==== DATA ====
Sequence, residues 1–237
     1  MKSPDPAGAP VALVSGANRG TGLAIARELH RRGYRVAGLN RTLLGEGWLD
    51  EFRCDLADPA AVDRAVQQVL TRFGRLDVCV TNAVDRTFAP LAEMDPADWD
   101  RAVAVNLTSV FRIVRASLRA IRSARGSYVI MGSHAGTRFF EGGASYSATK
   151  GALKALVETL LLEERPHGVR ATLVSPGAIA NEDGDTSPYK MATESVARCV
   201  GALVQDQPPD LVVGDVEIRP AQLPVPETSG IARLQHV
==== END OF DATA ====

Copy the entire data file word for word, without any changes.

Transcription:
Sequence, residues 1–237
     1  MKSPDPAGAP VALVSGANRG TGLAIARELH RRGYRVAGLN RTLLGEGWLD
    51  EFRCDLADPA AVDRAVQQVL TRFGRLDVCV TNAVDRTFAP LAEMDPADWD
   101  RAVAVNLTSV FRIVRASLRA IRSARGSYVI MGSHAGTRFF EGGASYSATK
   151  GALKALVETL LLEERPHGVR ATLVSPGAIA NEDGDTSPYK MATESVARCV
   201  GALVQDQPPD LVVGDVEIRP AQLPVPETSG IARLQHV